The discount retail chain — which has historically relied on its “treasure hunt” shopping experience in brick-and-mortar outposts — has announced plans to take its business online. Although its website offers a store finder, gift cards and other features, the digital platform is expected to include actual merchandise when it launches this year.
During its fourth-quarter earnings call on Wednesday, TJX Cos. president and CEO Ernie Herrman said, “Our strategy with our Marshalls.com site will be similar to our successful approach with [TJMaxx.com]. We plan to operate differentiated mix online, similar to how we differentiate our stores. Our strategy is to maximize multichannel engagement and drive incremental sales.”
According to the Framingham, Mass.-based corporation, the contrast in product assortment online versus in stores is intended to prevent the cannibalization of sales and allow the e-commerce site to serve as “complementary” to its physical business. Its subsidiary TJ Maxx similarly debuted its online platform in 2013, with the channels providing different merchandise.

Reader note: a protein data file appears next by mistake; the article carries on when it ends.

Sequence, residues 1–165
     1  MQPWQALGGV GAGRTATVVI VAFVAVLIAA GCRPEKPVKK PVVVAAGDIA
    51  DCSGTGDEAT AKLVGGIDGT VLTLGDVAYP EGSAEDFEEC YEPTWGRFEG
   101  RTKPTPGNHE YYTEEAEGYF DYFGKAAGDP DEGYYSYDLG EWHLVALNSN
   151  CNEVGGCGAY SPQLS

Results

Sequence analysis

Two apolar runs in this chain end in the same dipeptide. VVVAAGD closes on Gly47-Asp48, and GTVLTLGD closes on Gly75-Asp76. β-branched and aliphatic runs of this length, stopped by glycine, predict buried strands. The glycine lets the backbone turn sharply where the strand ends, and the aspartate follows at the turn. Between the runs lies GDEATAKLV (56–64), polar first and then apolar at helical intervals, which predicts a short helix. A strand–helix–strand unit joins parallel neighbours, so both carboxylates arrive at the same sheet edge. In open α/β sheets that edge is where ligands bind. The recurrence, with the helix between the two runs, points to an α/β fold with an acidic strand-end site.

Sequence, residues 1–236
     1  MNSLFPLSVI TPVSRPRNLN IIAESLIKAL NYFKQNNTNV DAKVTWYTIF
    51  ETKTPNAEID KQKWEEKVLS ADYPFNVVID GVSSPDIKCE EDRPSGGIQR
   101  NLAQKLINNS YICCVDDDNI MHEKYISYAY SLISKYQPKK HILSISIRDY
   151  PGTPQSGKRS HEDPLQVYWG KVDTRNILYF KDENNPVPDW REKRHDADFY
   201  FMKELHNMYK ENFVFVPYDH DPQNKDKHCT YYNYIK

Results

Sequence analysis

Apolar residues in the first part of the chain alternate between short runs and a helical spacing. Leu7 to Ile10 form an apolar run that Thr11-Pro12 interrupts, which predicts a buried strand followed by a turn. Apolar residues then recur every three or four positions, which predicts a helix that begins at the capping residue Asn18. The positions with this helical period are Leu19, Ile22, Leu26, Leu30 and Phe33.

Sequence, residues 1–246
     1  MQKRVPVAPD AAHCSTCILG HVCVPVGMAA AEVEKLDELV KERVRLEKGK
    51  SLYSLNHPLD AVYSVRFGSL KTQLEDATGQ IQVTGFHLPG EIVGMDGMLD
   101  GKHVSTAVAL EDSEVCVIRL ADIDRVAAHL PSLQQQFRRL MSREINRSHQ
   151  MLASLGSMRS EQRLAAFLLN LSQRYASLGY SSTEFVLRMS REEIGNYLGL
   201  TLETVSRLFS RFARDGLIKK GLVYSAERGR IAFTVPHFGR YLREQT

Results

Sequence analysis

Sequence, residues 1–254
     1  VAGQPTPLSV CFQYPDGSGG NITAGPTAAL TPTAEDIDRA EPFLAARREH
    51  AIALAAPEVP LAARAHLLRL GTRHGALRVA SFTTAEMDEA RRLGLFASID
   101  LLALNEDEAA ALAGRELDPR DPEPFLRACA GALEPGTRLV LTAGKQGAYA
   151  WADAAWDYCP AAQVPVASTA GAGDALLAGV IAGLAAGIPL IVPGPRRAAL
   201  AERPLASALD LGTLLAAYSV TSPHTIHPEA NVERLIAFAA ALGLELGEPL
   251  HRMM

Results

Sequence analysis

“We’ve learned a lot with TJMaxx.com,” Herrman said. “We’re going to apply that to Marshalls. We really believe that it helps to drive incremental store traffic, given that a large percentage of our returns online go back to our stores, and so it’s going to encourage cross-shopping.”
Off-price retailers like TJ Maxx, Marshalls and Ross have managed to thrive amid digital competition and the so-called retail apocalypse — even with TJX’s relatively small online footprint. Herrman previously credited the company’s flexibility, particularly its ability to consistently refresh inventory and provide consumers “the instant gratification of being about to touch and feel the merchandise and take items home the very same day.”
TJX’s latest earnings report boasted comparable-store sales that were up 6 percent, outpacing its full-price competitors including Macy’s and Nordstrom, which posted only modest gains in the same period.
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